Global Equity Income
Global Equity Income is a guest post by award-winning freelance financial journalist Philip Scott
With interest rates stuck at an all time low of 0.5% for more than six years and counting savers in their thousands have been piling into the stockmarket in a bid to get their cash working harder for them.
A big beneficiary of this rush has been equity income funds. These investment vehicles typically aim to deliver not only a rising level of income but capital growth too by investing in dividend paying firms, in other words companies that share out their profits with investors.
And dividends are big business – in 2014 for example, investors cheered when Vodafone shared out a world record £15.9bn special pay out, after selling off its US business.
Last year UK Equity Income funds were the top selling fund type, and their popularity has spilled over into 2015. Collectively retail investors now have almost £60bn invested in these portfolios according to trade body, the Investment Association.
However while UK Equity Income vehicles have a strong pull, it is worth sparing a thought for Global Equity Income funds, and while they only account for just over £14bn in assets under management – far less then their UK cousins enjoy, their appeal is on the up.
As with their UK counterparts, they aim to provide a high and growing income stream as well as capital growth, except as their name points out, invest in corporations from all across the globe, including the UK.
As a result, investors therefore not only enjoy the benefit of further diversification but the potential benefit of investing in a fund that can fish in a much bigger dividend pool.
To put it another way, while Capita Asset Services forecasts that UK dividends will reach £86.5bn in 2015, fund management firm Henderson Global Investors, presently expects that international pay outs will surpass a massive $1.1 trillion this year.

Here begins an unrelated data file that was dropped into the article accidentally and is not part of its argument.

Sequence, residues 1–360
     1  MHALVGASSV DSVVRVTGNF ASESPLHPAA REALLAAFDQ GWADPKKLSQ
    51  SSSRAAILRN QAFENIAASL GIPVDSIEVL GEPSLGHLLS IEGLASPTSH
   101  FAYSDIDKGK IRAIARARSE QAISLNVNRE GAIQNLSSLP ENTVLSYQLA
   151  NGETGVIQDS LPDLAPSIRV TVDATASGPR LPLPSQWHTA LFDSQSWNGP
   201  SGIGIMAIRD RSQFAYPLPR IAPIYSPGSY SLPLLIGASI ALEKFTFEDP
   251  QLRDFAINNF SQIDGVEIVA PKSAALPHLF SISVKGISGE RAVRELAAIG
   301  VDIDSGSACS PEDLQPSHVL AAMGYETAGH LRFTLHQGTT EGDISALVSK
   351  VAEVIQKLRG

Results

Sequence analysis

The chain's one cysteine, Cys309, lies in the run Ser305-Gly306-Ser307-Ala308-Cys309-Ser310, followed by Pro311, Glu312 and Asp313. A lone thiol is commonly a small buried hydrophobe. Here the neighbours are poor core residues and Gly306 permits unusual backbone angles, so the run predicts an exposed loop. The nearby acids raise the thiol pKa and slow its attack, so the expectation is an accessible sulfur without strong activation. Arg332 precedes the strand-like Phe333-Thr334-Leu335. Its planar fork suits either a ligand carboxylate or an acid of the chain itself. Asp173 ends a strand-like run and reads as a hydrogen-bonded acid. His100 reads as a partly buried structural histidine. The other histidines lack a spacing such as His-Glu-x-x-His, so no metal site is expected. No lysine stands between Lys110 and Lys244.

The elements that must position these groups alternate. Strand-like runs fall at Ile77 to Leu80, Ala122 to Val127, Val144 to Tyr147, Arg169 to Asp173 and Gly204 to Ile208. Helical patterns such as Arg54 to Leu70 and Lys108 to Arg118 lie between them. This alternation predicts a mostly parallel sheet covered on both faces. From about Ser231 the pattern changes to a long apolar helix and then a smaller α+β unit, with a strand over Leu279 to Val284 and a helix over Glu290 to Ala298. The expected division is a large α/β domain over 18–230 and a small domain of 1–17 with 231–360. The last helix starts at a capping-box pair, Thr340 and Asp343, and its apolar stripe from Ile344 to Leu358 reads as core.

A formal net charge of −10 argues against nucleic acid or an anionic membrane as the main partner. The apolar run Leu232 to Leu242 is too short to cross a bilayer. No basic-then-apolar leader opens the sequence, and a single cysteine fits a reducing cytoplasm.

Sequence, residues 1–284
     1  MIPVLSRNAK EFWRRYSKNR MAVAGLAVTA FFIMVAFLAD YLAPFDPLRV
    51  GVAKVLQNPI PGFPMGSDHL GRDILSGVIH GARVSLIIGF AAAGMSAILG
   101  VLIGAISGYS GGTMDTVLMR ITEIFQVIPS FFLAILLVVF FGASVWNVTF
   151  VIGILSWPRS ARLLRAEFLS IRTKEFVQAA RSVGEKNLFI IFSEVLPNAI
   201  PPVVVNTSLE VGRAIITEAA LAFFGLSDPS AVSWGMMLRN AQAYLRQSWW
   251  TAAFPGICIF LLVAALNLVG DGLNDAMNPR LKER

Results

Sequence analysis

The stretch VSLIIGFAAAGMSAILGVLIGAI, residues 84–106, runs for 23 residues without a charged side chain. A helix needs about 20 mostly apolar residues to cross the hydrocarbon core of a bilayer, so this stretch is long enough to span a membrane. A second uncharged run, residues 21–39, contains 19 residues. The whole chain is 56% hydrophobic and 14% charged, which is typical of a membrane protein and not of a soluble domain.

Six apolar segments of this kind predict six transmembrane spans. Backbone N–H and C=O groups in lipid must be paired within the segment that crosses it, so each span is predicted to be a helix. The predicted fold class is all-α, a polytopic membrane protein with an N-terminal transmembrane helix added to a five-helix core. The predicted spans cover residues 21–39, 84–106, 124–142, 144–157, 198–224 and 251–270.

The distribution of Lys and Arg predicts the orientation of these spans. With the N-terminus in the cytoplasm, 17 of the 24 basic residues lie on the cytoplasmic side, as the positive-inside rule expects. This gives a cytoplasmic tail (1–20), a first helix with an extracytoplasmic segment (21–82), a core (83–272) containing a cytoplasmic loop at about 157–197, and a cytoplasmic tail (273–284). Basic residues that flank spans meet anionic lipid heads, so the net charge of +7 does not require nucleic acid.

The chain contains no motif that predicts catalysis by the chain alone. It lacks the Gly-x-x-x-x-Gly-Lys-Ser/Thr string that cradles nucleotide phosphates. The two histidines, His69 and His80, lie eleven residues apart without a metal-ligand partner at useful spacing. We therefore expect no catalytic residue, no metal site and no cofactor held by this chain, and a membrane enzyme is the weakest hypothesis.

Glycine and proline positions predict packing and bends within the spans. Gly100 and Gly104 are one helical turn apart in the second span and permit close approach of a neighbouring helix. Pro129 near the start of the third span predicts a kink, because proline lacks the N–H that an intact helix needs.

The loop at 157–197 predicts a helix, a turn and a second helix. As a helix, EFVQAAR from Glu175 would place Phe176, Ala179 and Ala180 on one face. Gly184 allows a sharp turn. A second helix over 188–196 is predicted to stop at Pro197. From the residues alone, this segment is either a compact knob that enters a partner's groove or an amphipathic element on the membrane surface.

Like any investment type, Global Equity Income portfolios will have their ups and downs but in aggregate, performance has been well within the bounds of respectability, with the average fund delivering a total return of 66% over the past five years and 112 per cent over the past decade – just ahead of the 109% mean achieved by the UK Equity Income sector for the period.
Of course, there is no shortage of Global Equity Income funds to choose from so investing with the right manager is key. A popular choice in the sector, and one backed by Investment Quorum is Artemis Global Income. The fund, which has investments in Latin America, Asia and the US, among other regions and nations has delivered a stellar 111% return to its investors since its July 2010 launch.
Other preferred picks include the Schroders Global Equity Income fund. The portfolio, which has stakes in Legal & General and Microsoft has delivered a 72% return over the past five years, while another often tipped portfolio, Sarasin Global Higher Dividend, has returned 62% over the same period.
Ultimately by adopting an international approach to equity income investing, prospective investors can enjoy the benefits of global equity income fund managers being able to select their stocks from everywhere and anywhere worldwide, including some of the world’s fastest growing economies.
A key USP for Global Equity Income funds is that, if one market goes awry, fund managers can switch out and look for better opportunities elsewhere, allowing them to play differential growth cycles, which should hopefully lead to a more consistent and indeed profitable investment.
Philip Scott is an award-winning freelance financial journalist* and author.
He writes regularly for a number of trade and consumer titles. He began his career in 2002 in local press. He has written for among others Money Marketing, Investment Week, Citywire, Investment Adviser, Moneywise, The Sunday Times and The Daily Mail’s thisismoney.co.uk.
*Investment Association Freelance Investment Journalist of the year (2014)
(All fund performance – FE Analytics to 4 June 2015, total return, sterling terms)
Global Equity Income is a guest post and the views here do not necessarily concur with those of Investment Quorum. In fact, it is very often the case that we may largely be in disagreement but we respect the opinions and views of others and value their contribution to the wealth management debate. Guest posts may appeal more to some than others and may often hav an industry or sector knowledge expectation.
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